Marketing Lessons from Microsoft @ E3

  • Chester

XBox_LessonsYou’d think a name as big as Microsoft, or specifically a game console like the Xbox, would sell itself – hence, little need for any marketing sleight-of-hand.

But consumers are a fickle lot. And when they are also fans, and the whole sales cycle is taking place on B2C territory, the trusty old self-promotion approach can fail even big brands.

Microsoft learned that the hard way last year, with the controversies surrounding the reveal of the Xbox One: a hefty price tag, restrictions on game ownership, and a hard bundle with the unpopular Kinect add-on. Garnished with a ‘take it or go back to the old Xbox’ stance, these left a bad taste in the collective palate of the gaming community.

But at this year’s E3 expo, pitching that selfsame console, they’ve gotten their act together and pulled off a classic buyer engagement play – one that has all the hallmarks of sound B2B marketing.

Acknowledging the competition

The Xbox One alone isn’t going to carry the market, and Microsoft showed they understood this when they gave a shout-out to rivals Sony and Nintendo.

It was a textbook “no man is an island” display, touching on industry issues like the necessity for competition and the uncertainty in today’s video game business landscape. In essence, it was two things:

  • an acknowledgment that customers want choice,
  • and a show of confidence in their own brand.

Likewise, mentioning competitors in our marketing is not promoting them at our expense. It’s showing our audience our awareness of the industry at large, as well as that we want them to choose what’s best for them. Both are great credibility boosters.

Focusing on customer wants

A huge part of E3 has always been about the games. And inevitably, surrounded by all this swanky new software, gamers want to hear from the manufacturers if their last hardware investment is already losing steam.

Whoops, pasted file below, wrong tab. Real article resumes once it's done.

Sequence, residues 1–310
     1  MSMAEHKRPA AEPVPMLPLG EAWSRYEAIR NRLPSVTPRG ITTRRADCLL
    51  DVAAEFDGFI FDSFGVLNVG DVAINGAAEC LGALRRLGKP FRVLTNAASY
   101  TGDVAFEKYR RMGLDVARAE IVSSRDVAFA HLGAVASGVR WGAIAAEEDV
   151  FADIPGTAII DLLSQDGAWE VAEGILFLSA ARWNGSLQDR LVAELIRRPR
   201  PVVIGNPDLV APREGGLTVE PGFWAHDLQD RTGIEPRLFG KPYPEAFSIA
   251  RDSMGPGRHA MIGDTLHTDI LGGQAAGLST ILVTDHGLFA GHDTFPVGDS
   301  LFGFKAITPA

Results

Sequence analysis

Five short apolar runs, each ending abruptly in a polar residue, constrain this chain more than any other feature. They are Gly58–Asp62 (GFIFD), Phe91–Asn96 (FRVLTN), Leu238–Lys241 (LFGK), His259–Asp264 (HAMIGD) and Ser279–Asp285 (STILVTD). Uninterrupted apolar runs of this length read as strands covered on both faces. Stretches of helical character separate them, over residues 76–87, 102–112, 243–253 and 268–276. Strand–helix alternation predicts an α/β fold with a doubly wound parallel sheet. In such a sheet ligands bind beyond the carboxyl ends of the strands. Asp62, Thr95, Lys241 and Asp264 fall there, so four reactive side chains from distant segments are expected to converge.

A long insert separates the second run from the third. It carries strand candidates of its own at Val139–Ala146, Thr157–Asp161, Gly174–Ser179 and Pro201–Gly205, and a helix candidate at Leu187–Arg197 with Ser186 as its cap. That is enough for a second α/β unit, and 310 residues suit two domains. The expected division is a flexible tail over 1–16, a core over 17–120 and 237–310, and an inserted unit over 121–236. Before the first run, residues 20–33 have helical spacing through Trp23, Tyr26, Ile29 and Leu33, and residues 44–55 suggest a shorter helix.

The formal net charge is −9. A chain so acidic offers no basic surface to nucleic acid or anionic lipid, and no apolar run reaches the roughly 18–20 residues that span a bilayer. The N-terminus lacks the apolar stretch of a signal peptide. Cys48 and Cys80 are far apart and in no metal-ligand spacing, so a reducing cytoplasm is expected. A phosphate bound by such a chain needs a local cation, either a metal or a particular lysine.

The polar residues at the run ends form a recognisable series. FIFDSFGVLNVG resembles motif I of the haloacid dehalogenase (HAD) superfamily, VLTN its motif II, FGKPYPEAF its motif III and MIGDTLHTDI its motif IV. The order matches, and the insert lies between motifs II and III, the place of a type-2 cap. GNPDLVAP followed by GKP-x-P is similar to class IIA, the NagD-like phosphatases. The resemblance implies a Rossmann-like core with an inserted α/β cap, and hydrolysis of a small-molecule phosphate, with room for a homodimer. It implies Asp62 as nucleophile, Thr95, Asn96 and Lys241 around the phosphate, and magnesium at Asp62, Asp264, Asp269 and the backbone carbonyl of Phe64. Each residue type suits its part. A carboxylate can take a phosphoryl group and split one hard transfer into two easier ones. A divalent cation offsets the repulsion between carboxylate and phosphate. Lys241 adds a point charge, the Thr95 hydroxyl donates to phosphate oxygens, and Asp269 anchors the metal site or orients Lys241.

Microsoft came out to assuage those concerns by putting what their buyers want first – the games. They showed they had gamers’ interests at heart with

  • the better part of an hour dedicated to game showcases,
  • and extending thanks to the fans for their participation and feedback.

Microsoft saw the fans’ concerns that consoles like the Xbox were no longer worth buying. And it did the smart thing by acknowledging these concerns. Because in the end, what’s a console without good games to play on it?

It’s always about what the customer is after. Making them the centre of our marketing, and demonstrating that we are listening, encourages conversation. Which builds trust.

Positioning strengths well

By making games the thrust of their pitch, Microsoft killed a second bird. They diverted attention away from the fact that, unlike the Xbox One’s predecessors, they no longer have a product that stands out from the crowd on its own technological merits.

With next-gen rivals already buzzing on the radar, like Sony’s PlayStation 4 with its much anticipated Project Morpheus, the need for Microsoft to retain customers is more crucial than ever. Which it attempted to at E3, by

  • focusing on an evergreen want of its customer base,
  • and doing so agnostically.

Whether intentional or not, it was a smart play – because many more gamers care about the gaming experience than they do about the technology behind it.

In the same vein, while we shouldn’t obfuscate the cons of our offerings, we shouldn’t be shy with the pros either – it’s all in how we put them across. Align a product or service with something buyers will always want or need, and leave branding out of it, and it will be relevant.

Clearly, B2B marketing has its place in the B2C arena as well. Microsoft’s show this E3 is as good an example to follow as any: speak as a part of the industry, keep the spotlight on what the buyers really want, and play up strengths without blowing trumpets.

And, of course – don’t make customers pay more for something they don’t really want, and then tell them they can downgrade if they don’t like it!


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